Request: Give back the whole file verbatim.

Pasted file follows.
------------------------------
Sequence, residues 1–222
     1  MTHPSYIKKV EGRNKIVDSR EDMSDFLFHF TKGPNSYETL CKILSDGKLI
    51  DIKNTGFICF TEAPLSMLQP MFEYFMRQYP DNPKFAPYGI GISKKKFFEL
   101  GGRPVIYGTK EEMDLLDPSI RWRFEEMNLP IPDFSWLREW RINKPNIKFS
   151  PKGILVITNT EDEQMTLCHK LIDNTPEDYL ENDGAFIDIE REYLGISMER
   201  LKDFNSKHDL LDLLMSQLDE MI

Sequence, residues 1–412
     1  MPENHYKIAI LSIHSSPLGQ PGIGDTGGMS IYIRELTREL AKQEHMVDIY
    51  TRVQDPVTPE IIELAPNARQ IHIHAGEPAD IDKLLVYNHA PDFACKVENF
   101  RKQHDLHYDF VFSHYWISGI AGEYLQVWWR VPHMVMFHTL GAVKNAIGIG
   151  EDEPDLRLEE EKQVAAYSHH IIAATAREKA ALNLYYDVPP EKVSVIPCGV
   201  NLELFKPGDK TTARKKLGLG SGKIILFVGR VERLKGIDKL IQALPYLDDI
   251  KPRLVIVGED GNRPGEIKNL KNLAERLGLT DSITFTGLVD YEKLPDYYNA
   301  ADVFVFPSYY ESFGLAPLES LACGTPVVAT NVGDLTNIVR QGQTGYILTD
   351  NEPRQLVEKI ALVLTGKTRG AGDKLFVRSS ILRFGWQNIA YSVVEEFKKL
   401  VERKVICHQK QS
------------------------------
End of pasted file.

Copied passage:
Sequence, residues 1–222
     1  MTHPSYIKKV EGRNKIVDSR EDMSDFLFHF TKGPNSYETL CKILSDGKLI
    51  DIKNTGFICF TEAPLSMLQP MFEYFMRQYP DNPKFAPYGI GISKKKFFEL
   101  GGRPVIYGTK EEMDLLDPSI RWRFEEMNLP IPDFSWLREW RINKPNIKFS
   151  PKGILVITNT EDEQMTLCHK LIDNTPEDYL ENDGAFIDIE REYLGISMER
   201  LKDFNSKHDL LDLLMSQLDE MI

Sequence, residues 1–412
     1  MPENHYKIAI LSIHSSPLGQ PGIGDTGGMS IYIRELTREL AKQEHMVDIY
    51  TRVQDPVTPE IIELAPNARQ IHIHAGEPAD IDKLLVYNHA PDFACKVENF
   101  RKQHDLHYDF VFSHYWISGI AGEYLQVWWR VPHMVMFHTL GAVKNAIGIG
   151  EDEPDLRLEE EKQVAAYSHH IIAATAREKA ALNLYYDVPP EKVSVIPCGV
   201  NLELFKPGDK TTARKKLGLG SGKIILFVGR VERLKGIDKL IQALPYLDDI
   251  KPRLVIVGED GNRPGEIKNL KNLAERLGLT DSITFTGLVD YEKLPDYYNA
   301  ADVFVFPSYY ESFGLAPLES LACGTPVVAT NVGDLTNIVR QGQTGYILTD
   351  NEPRQLVEKI ALVLTGKTRG AGDKLFVRSS ILRFGWQNIA YSVVEEFKKL
   401  VERKVICHQK QS